Stop feeding the poor’s hunger for more state handouts

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From: DS Boyes, Upper Rodley Lane, Leeds.

WITH Labour’s one and only topic these days being food banks, particularly from Shadow Work and Pensions Secretary Rachel Reeves, have they finally run out of ideas and/or alternative policies?

After all, the triple dip recession forecast by the Shadow Chancellor did not happen and the economy is expanding, albeit slowly. Employment is rising, new car sales are at record levels, over-generous welfare systems reformed and many working or retired are paying less or even no tax at all.

But a recent independent survey showed that apart from a few genuine claimants, many visiting food banks were just the greedy who go for anything free.

On Radio Leeds one food bank organiser speaking fairly and unbiased, said that some people actually needed advice on how to prepare or cook food economically, which seems to be a big part of the problem.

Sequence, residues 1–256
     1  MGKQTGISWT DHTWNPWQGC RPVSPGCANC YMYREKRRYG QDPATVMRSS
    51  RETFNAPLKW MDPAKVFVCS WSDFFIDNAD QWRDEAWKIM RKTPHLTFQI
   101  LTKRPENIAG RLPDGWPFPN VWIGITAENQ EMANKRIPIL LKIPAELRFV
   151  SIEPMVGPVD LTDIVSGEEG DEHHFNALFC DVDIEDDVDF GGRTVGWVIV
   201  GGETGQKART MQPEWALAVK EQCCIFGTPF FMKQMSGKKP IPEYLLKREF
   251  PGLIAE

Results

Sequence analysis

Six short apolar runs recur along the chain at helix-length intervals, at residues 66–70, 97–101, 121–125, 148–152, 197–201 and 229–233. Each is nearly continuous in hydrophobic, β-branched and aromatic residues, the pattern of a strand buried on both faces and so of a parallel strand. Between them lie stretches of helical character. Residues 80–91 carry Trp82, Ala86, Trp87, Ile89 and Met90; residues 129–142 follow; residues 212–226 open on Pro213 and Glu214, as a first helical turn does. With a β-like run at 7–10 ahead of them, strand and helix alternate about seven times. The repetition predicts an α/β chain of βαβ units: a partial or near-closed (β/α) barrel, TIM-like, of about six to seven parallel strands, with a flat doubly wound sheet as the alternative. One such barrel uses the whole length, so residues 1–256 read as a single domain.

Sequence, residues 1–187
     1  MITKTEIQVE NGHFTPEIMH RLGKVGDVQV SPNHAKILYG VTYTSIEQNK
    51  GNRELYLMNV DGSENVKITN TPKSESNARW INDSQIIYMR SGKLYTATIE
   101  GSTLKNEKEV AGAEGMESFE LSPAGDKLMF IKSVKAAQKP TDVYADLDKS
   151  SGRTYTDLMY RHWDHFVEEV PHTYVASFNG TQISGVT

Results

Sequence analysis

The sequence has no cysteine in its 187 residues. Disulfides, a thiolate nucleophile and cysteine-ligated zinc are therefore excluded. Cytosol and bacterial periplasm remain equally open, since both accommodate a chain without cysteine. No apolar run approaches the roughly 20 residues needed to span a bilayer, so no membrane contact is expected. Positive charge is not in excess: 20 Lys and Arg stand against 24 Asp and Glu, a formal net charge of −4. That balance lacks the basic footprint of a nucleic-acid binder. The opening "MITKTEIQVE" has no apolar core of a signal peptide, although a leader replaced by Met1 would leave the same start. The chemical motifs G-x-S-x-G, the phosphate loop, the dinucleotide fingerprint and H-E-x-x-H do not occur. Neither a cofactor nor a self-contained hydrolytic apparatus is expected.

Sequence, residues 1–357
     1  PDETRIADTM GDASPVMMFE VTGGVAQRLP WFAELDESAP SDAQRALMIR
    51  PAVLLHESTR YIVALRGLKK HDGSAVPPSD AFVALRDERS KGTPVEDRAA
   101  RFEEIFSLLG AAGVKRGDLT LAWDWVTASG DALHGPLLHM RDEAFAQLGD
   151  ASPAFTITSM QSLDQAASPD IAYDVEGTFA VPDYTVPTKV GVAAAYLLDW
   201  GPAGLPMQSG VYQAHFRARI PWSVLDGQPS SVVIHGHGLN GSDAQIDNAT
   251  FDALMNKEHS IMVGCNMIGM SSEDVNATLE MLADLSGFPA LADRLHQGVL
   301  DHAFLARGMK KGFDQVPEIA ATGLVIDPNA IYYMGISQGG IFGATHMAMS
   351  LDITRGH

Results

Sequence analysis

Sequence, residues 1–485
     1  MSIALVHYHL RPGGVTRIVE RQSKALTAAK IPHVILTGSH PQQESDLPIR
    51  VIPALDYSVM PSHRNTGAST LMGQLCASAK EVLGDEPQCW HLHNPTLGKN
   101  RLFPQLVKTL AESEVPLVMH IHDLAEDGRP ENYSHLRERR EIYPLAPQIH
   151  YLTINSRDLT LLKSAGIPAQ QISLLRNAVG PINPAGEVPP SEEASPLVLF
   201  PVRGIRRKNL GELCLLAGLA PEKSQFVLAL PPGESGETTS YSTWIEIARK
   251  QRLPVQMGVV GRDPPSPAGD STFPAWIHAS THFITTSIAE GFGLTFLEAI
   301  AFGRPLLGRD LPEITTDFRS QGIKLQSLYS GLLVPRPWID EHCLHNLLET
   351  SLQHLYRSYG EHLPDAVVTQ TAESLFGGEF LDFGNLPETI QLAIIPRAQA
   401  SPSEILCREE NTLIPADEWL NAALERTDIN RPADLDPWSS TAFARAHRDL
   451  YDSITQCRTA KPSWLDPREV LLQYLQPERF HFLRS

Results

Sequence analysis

As OAPs, although lucky to have worked most of our lives, my wife and I have no difficulty in enjoying decent meals every day. As children, we saw our parents having to cope with food rationing for almost 10 years after the Second World War which taught us a lot.

From: Hugh Rogers, Messingham Road, Ashby.

ON the face of it, food banks are a good Christian response to perceived poverty. In fact they are simply making things worse by unwittingly promoting and sustaining an unhealthy culture of reliance upon handouts which in 21st century Britain is unnecessary.

We are not living in the Great Depression. Soup kitchens have no role to play in our society. Indeed, the Bishop of Wakefield is quite right when he reportedly says “there is no reason why anyone should not be able to afford sufficient food for their needs”. Somewhat puzzlingly, though, he demands “action”.

The trouble is that his idea of “action” appears to be that the Government should alleviate poverty. Fine, except that food banks are not a symptom of poverty. Their existence depends upon the (largely middle class) belief that they are necessary – a belief which is rapidly becoming self-fulfilling as more and more people, quite understandably, take advantage of the proffered charity.

To put it another way, some say that if there are food banks there must, ipso facto, be poverty.

Others point to the relative cheapness of staples like bread, milk, eggs, rice and pasta and say “How can it be that anyone is going hungry?”